SharePoint governance strategy in action

Based on my recent experience of the past few months implementing many SharePoint features I wanted to share the knowledge I have gained with others who may about to start what I have done.

SharePoint may be “the best sweetie shop in town” for all its range of  features for people to use but the governance raises for intranet professionals a different set of challenges.

The strategy for SharePoint governance has to be very different to other publishing or collaborative tools.

I believe there are three approaches which can give you the governance your organisation needs with SharePoint.  You don’t have to use just one but can combine some of each.  What works best for you will depend on a number of different factors.  Among them:

  • Restricting use – stopping some features from being used e.g. SharePoint Designer
  • Encouraging best practice – guidance and training available
  • Preventing problems – checking content before it is published

Each of these approaches can support your governance strategy for SharePoint.  The key is to understand what you need to use SharePoint for.

I’ll post more on the strategic benefits of each approach and some of the benefits and drawbacks you need to consider.

19 responses to “SharePoint governance strategy in action

  1. Mark

    Ref the second bullet point – an element of intranet governance at my old employer, The Open University, that I always liked was that you did not get your log in / access to the intranet (in-house developed) CMS until AFTER you had completed the half day training course.

    I think this is a good strategy whatever the tool is, but strangely enough not one I have ever seen replicated anywhere else. What do you guys do on this front ?

    • Jed,

      For our existing publishing tools, publishers must have completed training on standards compliance including usability and accessibility that need to be re-taken every two years. See more details here

      However we will need to take a different approach with SharePoint 2010 as you can publish ‘formal type’ accredited content in several ways and places without going down the route used for existing publishing tools.

      I believe making it as simple and easy to encourage the people to use the right tools with very clear guidance – podcasts, etc – to show what best practice is more appropriate than a mandatory training step which can be avoided.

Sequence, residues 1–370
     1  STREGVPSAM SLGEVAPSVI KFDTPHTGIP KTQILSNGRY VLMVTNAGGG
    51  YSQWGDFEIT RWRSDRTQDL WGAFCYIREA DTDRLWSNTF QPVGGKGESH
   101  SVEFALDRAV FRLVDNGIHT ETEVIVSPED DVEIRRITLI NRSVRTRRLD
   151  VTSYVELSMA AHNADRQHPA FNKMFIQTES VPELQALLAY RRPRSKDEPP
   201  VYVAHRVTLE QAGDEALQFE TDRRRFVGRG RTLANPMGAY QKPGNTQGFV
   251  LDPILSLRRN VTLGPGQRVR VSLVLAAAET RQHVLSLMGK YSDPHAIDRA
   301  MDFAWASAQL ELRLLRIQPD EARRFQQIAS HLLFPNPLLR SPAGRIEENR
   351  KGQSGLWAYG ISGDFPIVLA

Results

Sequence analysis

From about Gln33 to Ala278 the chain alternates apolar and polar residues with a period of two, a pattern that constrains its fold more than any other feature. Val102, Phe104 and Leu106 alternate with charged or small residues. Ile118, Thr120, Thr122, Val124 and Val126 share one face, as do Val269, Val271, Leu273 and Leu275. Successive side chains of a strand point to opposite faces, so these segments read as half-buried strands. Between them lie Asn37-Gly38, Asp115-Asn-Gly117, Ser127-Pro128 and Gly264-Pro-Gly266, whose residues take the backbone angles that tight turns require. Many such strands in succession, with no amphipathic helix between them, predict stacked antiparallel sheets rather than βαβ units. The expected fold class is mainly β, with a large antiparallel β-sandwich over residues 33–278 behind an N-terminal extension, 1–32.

What’s your take on this?


  2. Looking forward to reading the rest Mark. We’re going down the 2010 route and unfortunately haven’t gotten the governance piece pegged down yet.

  3. Mark

    Many thanks for the response and the link to the previous article. I have no experience with 2010 yet, but I understand your comment ref making it easy for people. However some times we are bound to suffer from the “you can lead the horse to water, but you can’t make it drink” syndrome, so I think there may still be a case for some ‘mandatory’ basic training.

    Certainly I know I get requests for help from people who may have done a half days training 2 years ago when MOSS2007 was introduced into the business, but don’t use it day in and day out, and apparently would rather email me than sit through the training video’s on IT’s portal ! So of course we will never have a perfect system, and organisations and their workforces will be contextually different, but I look forward to hearing how your 2010 implementation proceeds with respect to this issue.


  4. Jed,

    Actually I do agree with you that you do need some enforcement rather than just relying on encouragement. The difficulty I’m finding with SP2010 is how is an effective way of doing this.

    In BT every person can be a site collection administrator and has a MySite and MyProfile so has the means to publish all types of content if not in the right place.

    To restrict these from ‘on demand’ to ‘by request’ or switch off features like SharePoint Designer seems the only way to be able to mandate training and it be effective.

    The loss of innovation is seen as too high a price to pay.

    Have I got the balance wrong? Am I missing something which you have used successfully?


  5. Mark

    Ref: “The loss of innovation is seen as too high a price to pay.”

    And therein lies the crux of the matter eh !

    “Have I got the balance wrong? Am I missing something which you have used successfully?” – nope, not at all, your organisation (from what I know through your writing and other public outlets) is well ahead of mine in terms of innovation. As for the balance, well I don’t have enough information to comment really. I would ask though, why is everyone given site collection admin rights – could you not allow innovative use without the blanket high level of permissions ?

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  7. Jed,

    The question “why is everyone given site collection rights?” is one that keeps being asked by people in BT without a clear decision on whether it is changed to something better such as you suggest.

    It doesn’t keep me awake at night but I do believe it will need refining if examples of poor behaviour are seen caused by the permission rights given by default.


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